A principal limitation in the proposal is limited DOF. As we have already seen in Section 3.1.3, DOF is related with the sampling distance and numerical aperture of the optical system. In the system described, the theoretical DOF is of about 0.268 μm. But, in the experimental reconstruction, DOF is higher than would have been expected from Eq. (9). This is because the fact that the spatial resolution (pixel size) introduced by the optical setup is limited [13]. To experimentally attain the DOF, in Figure 10(b) , we have plotted a line profile shown in Figure 10(a) , where the profile is marked with a black line. The evolution of this plot starts at 40 μm before the image is focused. After zooming on the focus zone, we can determine that the DOF is 9 μm. The test object we used was an Edmund NBS 1963A resolution card. The zone of interest corresponds to 18 double lines per mm (lpmm). The reconstruction distance was of 15 μm.

Figure 10.

Determination of the DOF experimentally. (a) Recorded hologram and the profile zone taken to measure the DOF and (b) evolution of intensity when reconstruction distance is increased.

If the DOF is 9 μm and Δd is of 2 μm, then we can average four images to carry out what we propose. These images have to be reconstructed at a distance within DOF to guarantee that image quality is not affected. Figure 11 shows the image improved when the proposed method is applied. This evaluation is through STD in the area defined by the white square in each image. We attain a STD = 1.57 gray levels (GL) for an image focused without averaging ( Figure 11(a) ), and STD = 0.869 GL by applying the proposal method ( Figure 13(b) ). Then we say that the averaging process that we propose also improves the amplitude image.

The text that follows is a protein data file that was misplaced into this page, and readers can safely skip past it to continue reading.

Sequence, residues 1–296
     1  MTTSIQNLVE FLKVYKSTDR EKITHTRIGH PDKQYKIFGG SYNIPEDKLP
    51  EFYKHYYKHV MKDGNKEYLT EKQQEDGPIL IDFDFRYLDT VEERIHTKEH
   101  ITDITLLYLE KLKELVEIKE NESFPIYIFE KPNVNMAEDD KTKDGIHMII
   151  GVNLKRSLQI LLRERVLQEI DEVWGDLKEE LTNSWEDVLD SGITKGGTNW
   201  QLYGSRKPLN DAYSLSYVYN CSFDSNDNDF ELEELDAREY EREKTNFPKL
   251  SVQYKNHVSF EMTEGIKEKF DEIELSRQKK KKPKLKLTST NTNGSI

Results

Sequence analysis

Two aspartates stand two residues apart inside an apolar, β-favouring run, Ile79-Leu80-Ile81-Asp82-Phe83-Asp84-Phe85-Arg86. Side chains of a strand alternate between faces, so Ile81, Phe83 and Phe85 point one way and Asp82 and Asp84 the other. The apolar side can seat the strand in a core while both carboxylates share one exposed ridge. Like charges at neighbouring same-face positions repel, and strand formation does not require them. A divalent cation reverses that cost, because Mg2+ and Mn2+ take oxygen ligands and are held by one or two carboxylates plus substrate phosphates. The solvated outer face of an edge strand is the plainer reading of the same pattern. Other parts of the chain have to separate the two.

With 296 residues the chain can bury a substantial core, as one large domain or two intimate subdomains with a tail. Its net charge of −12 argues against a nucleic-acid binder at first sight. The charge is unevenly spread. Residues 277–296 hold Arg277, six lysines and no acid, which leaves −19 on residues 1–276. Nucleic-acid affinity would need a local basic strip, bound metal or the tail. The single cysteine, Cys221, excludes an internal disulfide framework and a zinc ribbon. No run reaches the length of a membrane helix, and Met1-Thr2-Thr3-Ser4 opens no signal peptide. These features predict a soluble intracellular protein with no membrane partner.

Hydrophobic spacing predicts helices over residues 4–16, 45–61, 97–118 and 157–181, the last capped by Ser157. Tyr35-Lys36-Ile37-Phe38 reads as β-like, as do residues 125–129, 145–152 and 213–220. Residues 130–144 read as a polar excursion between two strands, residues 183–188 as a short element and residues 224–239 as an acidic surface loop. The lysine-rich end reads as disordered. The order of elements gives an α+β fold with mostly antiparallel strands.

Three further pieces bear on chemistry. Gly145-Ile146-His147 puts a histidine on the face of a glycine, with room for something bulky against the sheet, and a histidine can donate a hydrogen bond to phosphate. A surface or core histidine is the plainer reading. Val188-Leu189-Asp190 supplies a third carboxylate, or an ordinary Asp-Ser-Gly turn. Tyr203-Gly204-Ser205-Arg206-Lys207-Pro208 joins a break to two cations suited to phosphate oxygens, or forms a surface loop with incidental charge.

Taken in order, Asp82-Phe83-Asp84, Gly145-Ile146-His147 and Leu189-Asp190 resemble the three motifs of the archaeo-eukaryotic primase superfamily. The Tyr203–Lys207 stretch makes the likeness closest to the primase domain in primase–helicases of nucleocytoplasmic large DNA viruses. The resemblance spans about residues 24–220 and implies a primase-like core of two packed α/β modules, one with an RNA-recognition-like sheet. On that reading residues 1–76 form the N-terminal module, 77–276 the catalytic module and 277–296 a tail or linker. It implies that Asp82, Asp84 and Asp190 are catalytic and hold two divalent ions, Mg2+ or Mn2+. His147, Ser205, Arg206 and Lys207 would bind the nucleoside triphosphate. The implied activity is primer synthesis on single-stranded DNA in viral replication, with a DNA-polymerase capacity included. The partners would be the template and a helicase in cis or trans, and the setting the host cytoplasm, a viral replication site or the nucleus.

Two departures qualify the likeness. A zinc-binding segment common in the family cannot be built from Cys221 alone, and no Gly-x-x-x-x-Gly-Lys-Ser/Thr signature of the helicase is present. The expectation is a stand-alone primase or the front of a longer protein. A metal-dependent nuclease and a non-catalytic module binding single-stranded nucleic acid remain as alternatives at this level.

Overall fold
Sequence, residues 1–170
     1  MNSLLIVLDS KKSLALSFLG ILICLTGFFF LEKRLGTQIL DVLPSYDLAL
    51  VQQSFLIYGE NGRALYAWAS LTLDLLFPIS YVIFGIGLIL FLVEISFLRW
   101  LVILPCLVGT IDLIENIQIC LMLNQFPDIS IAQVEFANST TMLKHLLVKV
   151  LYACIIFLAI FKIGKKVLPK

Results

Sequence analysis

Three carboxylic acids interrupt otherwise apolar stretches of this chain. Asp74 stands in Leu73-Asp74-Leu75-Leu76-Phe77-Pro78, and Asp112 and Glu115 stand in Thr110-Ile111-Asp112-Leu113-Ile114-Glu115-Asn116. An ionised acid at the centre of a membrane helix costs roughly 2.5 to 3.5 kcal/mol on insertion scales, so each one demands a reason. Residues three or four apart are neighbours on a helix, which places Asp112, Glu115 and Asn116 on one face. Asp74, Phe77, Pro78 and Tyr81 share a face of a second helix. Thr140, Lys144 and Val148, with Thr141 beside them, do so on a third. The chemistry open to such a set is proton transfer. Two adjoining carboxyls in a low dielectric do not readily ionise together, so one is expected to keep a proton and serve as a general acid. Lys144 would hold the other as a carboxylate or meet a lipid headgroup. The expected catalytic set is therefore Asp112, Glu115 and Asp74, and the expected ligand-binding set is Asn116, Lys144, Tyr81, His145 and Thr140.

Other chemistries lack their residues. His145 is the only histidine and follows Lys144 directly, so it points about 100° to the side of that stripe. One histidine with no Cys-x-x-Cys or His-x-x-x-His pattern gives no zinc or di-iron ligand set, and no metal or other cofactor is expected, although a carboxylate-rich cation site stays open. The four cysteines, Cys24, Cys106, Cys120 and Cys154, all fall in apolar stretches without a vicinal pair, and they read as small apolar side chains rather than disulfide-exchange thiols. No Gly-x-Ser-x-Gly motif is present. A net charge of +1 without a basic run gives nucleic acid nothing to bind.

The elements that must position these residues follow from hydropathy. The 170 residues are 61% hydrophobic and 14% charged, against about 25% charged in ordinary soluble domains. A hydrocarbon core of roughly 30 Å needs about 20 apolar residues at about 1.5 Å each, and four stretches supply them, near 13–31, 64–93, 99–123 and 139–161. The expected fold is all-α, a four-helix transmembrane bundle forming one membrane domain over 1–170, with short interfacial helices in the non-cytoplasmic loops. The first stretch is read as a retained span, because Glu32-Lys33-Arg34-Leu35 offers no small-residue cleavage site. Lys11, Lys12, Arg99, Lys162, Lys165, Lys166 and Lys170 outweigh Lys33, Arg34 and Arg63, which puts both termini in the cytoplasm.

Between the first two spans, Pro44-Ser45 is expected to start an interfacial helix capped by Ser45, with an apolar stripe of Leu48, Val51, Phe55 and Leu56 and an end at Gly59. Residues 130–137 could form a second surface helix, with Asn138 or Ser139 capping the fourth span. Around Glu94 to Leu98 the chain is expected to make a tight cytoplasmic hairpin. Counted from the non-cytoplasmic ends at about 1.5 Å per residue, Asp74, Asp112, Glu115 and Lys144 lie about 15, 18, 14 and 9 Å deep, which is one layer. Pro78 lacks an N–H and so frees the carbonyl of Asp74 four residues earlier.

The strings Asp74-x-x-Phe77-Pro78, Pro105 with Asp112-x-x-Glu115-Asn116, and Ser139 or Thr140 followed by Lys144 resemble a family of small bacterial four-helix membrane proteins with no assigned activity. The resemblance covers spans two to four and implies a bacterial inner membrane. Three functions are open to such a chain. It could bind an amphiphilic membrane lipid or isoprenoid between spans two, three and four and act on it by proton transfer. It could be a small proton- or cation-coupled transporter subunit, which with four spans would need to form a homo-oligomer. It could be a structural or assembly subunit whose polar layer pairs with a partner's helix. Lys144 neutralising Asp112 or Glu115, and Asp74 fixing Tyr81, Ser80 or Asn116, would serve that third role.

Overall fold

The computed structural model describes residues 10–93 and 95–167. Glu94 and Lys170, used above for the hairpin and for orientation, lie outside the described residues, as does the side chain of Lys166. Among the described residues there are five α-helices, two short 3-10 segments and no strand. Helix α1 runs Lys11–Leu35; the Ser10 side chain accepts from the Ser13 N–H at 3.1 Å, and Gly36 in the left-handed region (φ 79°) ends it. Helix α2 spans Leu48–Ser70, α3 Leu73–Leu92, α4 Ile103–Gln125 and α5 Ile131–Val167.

Figure 11.

Reconstructed focused amplitude images. (a) Reconstructed focused amplitude image without averaging and (b) reconstructed amplitude image when the averaging process is performed with four focused amplitude images.

Figure 12.

Comparison between profiles measured along the white lines defined in Figure 11(a) and (b) .

Figure 13.

Topographic measurement of the TiO2 step‐wise specimen. (a) One reconstructed phase image, (b) improved phase image when the averaging process is performed, (c) corresponding zoomed area inside the white dashed rectangle in (b), and (d) numerical data extracted from AFM.

In order to show that the lateral resolution is not affected by the averaging method that here is proposed, we have plotted a line profile marked by the white lines in Figure 11 . Figure 12 shows this plot and the comparison between the focused amplitude image without averaging and the improved image after applying the proposed method.

We can note, from this comparison in Figure 12 , that there is no difference in the transition edges. On the other hand, we can clearly note the improvement on top and bottom areas from these profiles where the STD of the proposal clearly is the lowest.